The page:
Narendra Modi independence day

As India is nearing is 71st Independence Day, the debate is back. How much we have made progress as an independent nation? Although our political leadership has rejoiced time and again the value of freedom and that India today is an uncaged tiger ready to take on the world, the debate refuses to die. Has political independence made real a difference in our lives in the last 70 years?

Opinions on this debate will vary, especially for camps that are affiliated to different political colours. But there is no denying the fact that even after India was freed from the shackles of slavery and emerged as an entity with a political identity of its own on August 15, 1947, the political leadership of the country did not allow much space for socio-economic freedom in the last seven decades.

Take for example, the current regime of Prime Minister Narendra Modi. It definitely has spoken in glorious terms the significance of freedom and given a call for a Congress-free India, but at the same time, it has ensured through its neo-liberal economic programmes and other initiatives that both the freedom of the people and institutions are kept under check.

Demonetisation not an anti-liberty move?

To illustrate, let's talk about demonetisation. PM Modi's unique move of scrapping high denomination currency notes on November 8 last year was an act of heroism for his constituency but from the perspective of economic and social freedom, it was a complete anti-thesis. To curb black money and funding for terrorism, one can't sacrifice individual freedom. At 70, it remains a black spot. Financially, too, there is still no confirmation that demonetisation has delivered what pro-Modi theorists had predicted.

The overdrive on Aadhar, something which was given shape by the previous Congress-led UPA, by the Modi government also amounts to restricting freedom of choice. The warning that the permanent account number or PAN would be deactivated if one doesn't link his/her aadhar with it amounts to forcing people to toe the government which is in spirit anti-democratic. Similarly, the decision to reduce interests in common people's savings and indirectly compel them to embrace the neo-liberal economy also conveys a similar story.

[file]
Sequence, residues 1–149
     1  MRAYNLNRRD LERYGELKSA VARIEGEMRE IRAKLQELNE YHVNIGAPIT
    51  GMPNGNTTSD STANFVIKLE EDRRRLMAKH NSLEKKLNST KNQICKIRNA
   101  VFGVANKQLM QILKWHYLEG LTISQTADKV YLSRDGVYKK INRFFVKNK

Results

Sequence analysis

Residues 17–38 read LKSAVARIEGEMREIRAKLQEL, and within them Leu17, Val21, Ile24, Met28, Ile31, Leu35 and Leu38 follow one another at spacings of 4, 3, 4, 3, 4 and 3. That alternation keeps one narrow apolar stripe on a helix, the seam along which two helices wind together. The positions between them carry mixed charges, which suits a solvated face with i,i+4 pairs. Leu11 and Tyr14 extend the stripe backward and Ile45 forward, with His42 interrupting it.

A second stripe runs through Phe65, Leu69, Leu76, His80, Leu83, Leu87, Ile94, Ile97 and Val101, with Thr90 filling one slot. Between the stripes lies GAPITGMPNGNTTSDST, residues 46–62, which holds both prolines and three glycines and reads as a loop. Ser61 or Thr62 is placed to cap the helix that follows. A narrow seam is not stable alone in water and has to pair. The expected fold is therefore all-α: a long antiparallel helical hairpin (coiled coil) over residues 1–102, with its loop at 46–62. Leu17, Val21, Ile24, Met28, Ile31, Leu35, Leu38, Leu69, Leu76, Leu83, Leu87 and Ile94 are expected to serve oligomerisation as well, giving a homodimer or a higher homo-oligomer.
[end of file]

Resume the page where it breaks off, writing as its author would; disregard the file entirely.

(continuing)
Goods and Services Tax not an anti-thesis to federalism?

When it comes to institutions, economic reforms like the Goods and Services Tax (GST) also seem to be undemocratic in spirit as they curtail the states' freedom in India's federal polity. For many economics expert, the question whether the revenue will be more or less under the GST regime is less important than the fact that the idea has put a curb on the state's freedom to make their own fiscal policies. There is a tinge of truth in this. India's federalism has already been hurt by an unequal representation of its constituent states in Parliament unlike in the US where the Senate has the presence of equal number of representatives from each state – big or small. And the GST reduces the states' say further. So, where precisely is the economic freedom – of both individuals and institutions – even after 70 years of independence?

Modi and his BJP although have vowed to get India rid of the Congress which has ruled the country for over 50 out of the 70 years, they are also exhibiting tendencies of past Congress governments to restrict people's economic freedom. India was a state-centric economy for the first four decades of its independence which made its economic story a complete reverse to the political. The political leadership, who had presumed that a controlled economy would see the country become a self-sufficient and truly independent country, understood just when the disaster was near and liberated the economy for the sake of survival.

Today, the game has completely changed as the potential of India's massive market has been unleashed. But when it comes to the micro level, the country's common man is still not liberated and has to tolerate the excesses of the state for the 'sake' of their own well-being.